I'm a man of principle :grin: If it be done better, I gotta do it. One of the only reasons I upgraded my surrounds was to be able to feed them digitally but ya, at the end of the day it probably doesn't really matter.

    I've planned everything out and I'm pretty sure I'm going to go with the Digiface USB. Only 10 I/O at 192kHz but that should be enough for me. I ended up finding out the my DEQX's only work up to 96kHz with optical while the USB, RCA SPDIF, BNC SPDIF, and AES inputs all work at 192kHz (no idea why) so I'll need to get a couple of toslink to RCA SPDIF adapters and then an additional SPDIF to AES impedance adapter for my surrounds. A few more parts than I anticipated but should get me fully digital to my speakers at up to 192kHz with something smaller than a half rack 1U (Digiface + adapters). The more bulky gear like preamps and the Fireface UC will go to my on-location rig.

    I'll be gone from my studio for the next 2 months but I'm looking forward to getting this all hooked up in the fall.
     
  18. Nathanael Iversen

    Nathanael Iversen Senior Member

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    Well.... that's exactly how I felt about it and what I did. So, I can't exactly cast shade on the "audio committed". My finding was that feeding the monitors digitally dropped the noise floor, improved stereo imaging, and provided a "clearer" sound. I was monitoring through a Grace monitor controller, so it wasn't a bad analog front end by any means. Its just the removal of a lot of electronics and wire. I noticed it clearly.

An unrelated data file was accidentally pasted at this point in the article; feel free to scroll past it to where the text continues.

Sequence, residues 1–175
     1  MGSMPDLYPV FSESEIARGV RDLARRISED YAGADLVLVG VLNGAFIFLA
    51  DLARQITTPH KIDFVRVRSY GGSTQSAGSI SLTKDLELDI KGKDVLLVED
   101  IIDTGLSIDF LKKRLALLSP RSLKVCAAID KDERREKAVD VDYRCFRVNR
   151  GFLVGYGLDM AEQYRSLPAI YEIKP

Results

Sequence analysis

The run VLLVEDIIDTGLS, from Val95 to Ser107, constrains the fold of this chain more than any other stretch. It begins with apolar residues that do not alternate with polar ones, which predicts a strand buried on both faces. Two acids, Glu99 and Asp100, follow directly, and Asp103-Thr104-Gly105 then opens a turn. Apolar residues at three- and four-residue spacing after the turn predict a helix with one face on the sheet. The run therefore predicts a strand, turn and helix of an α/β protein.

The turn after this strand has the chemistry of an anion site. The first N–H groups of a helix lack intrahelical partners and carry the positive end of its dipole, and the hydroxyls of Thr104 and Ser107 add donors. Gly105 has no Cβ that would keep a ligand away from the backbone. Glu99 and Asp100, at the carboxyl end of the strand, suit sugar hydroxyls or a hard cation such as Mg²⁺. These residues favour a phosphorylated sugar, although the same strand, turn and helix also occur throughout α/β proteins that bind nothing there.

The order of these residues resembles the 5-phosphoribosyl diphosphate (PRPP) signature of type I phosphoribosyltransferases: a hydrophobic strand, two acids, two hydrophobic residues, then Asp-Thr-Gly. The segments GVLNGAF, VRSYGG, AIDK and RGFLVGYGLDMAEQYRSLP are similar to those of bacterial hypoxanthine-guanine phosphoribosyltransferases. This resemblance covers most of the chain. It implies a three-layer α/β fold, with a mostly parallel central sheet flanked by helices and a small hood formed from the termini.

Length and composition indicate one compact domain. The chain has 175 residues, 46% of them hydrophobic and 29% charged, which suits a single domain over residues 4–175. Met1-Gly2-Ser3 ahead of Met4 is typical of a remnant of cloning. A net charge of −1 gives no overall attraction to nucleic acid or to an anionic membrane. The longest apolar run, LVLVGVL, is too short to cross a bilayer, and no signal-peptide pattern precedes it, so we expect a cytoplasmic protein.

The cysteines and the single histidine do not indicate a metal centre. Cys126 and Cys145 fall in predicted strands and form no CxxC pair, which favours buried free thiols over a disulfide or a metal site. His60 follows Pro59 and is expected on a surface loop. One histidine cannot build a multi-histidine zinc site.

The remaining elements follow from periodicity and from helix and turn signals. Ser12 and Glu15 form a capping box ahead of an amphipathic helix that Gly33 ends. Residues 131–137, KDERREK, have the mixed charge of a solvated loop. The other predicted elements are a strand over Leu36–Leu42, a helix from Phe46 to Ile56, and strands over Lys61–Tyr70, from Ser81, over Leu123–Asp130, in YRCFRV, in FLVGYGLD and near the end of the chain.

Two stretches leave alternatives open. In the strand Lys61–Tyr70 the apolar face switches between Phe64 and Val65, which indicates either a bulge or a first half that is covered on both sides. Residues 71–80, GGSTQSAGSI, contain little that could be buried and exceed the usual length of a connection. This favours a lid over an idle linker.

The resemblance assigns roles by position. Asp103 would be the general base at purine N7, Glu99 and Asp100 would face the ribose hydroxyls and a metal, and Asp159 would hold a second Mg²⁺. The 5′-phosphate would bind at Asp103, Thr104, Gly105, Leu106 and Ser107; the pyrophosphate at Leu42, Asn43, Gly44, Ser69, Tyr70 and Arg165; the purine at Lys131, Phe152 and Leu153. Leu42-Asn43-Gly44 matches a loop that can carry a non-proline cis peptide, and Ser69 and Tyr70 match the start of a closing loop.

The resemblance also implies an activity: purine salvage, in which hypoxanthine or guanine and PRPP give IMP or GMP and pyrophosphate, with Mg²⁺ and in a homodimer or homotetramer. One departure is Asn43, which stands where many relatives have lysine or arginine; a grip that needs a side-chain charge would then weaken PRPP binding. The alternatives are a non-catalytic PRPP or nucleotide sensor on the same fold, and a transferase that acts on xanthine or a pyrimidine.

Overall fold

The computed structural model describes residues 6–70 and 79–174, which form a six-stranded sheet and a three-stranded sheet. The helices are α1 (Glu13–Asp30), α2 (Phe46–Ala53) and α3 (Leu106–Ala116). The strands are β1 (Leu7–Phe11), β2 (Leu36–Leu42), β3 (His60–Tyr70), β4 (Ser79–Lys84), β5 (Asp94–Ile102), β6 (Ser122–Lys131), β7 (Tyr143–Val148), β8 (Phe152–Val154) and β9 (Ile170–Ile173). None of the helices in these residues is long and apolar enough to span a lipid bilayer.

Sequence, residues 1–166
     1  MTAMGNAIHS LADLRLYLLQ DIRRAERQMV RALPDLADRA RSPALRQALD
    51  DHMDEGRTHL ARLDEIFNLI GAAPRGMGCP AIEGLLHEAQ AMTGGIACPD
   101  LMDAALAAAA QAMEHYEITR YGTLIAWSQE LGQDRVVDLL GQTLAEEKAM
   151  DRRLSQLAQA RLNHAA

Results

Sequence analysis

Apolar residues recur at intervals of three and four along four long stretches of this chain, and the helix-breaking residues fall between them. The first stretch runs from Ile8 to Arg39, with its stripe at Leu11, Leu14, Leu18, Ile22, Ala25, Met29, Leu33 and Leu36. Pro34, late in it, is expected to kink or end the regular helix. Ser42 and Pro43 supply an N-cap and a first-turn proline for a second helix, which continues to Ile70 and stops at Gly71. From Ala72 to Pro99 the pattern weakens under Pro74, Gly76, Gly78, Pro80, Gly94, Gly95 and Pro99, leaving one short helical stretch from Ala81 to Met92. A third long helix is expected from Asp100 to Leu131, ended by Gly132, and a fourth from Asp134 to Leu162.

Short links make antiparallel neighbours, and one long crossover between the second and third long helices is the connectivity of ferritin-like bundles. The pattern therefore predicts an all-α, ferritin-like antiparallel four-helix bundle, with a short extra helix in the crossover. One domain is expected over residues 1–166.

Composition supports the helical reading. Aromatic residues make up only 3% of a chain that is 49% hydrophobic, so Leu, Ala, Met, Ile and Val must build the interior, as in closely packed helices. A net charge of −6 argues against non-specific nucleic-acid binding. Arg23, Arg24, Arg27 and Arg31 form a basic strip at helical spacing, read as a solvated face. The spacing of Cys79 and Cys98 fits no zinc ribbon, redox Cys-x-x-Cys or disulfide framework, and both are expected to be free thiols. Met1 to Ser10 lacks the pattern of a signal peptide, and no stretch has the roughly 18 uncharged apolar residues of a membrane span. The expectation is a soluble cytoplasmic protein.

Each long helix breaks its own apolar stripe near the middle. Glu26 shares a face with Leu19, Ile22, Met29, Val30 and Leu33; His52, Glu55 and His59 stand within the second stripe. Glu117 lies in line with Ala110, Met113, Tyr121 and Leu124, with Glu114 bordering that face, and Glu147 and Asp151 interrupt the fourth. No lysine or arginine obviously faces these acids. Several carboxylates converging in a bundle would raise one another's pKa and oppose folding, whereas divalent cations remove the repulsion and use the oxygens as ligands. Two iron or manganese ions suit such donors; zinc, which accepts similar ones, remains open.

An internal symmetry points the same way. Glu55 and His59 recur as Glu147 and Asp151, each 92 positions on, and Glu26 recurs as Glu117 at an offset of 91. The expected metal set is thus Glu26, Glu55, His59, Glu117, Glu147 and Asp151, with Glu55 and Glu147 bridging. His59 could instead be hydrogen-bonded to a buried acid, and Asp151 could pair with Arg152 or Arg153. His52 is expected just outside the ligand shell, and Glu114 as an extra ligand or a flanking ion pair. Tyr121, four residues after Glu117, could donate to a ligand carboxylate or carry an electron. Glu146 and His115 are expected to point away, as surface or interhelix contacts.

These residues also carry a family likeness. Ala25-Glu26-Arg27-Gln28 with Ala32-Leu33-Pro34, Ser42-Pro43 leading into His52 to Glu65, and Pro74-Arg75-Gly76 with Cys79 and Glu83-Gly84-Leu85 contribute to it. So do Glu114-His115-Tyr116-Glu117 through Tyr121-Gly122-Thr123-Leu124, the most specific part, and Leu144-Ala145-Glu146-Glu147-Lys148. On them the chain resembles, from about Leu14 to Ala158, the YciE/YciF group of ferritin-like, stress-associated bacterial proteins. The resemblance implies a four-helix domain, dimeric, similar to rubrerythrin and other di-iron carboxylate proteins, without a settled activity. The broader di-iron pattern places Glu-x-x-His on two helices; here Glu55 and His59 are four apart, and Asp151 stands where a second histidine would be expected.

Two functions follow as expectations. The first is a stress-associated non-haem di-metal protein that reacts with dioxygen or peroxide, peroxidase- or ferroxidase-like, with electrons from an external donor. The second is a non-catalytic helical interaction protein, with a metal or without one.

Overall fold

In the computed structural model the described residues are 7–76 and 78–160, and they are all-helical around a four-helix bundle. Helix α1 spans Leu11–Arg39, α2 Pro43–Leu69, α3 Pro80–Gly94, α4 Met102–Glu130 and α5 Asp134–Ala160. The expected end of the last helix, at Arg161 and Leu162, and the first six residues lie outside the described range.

Sounds like you've got it worked out in a way that will work well for you. Once you get it all hooked up and calibrated, you'll forget about the adapters and whatnot and just use it.

    I think your experience with Hi-Res digital is typical. Even when stuff supports it, there are often weird caveats and exceptions. I think at least in part because some of the physical interface specifications are old, and bandwidth limited. So newer ports (or simpler ones) work, but older ones with limited protocols don't.

    My Dante network is 48khz limited by the Midas M32, but the Focusrite units are not limited at all - they will all run 192 no problem. At some point, I'll upgrade the mixer, but it isn't a priority when the project itself is a 48khz project.
     
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  19. edgar_hsu

    edgar_hsu Member

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    Avid MTRX has 16 mono via two D25 connectors and Dante. It seems can be used in standalone mode. However, It will be a very expensive solution.
     
  20. OP
    OP
    Gerhard Westphalen

    Gerhard Westphalen Scoring Mixer

    Ya but it only has basic patching just like the Merging interfaces. The Merging are pretty much the same in terms of possible I/O and expandability except that the Hapi is less than half the cost. I'd love to get one of those but it would just be useless for me without any control software.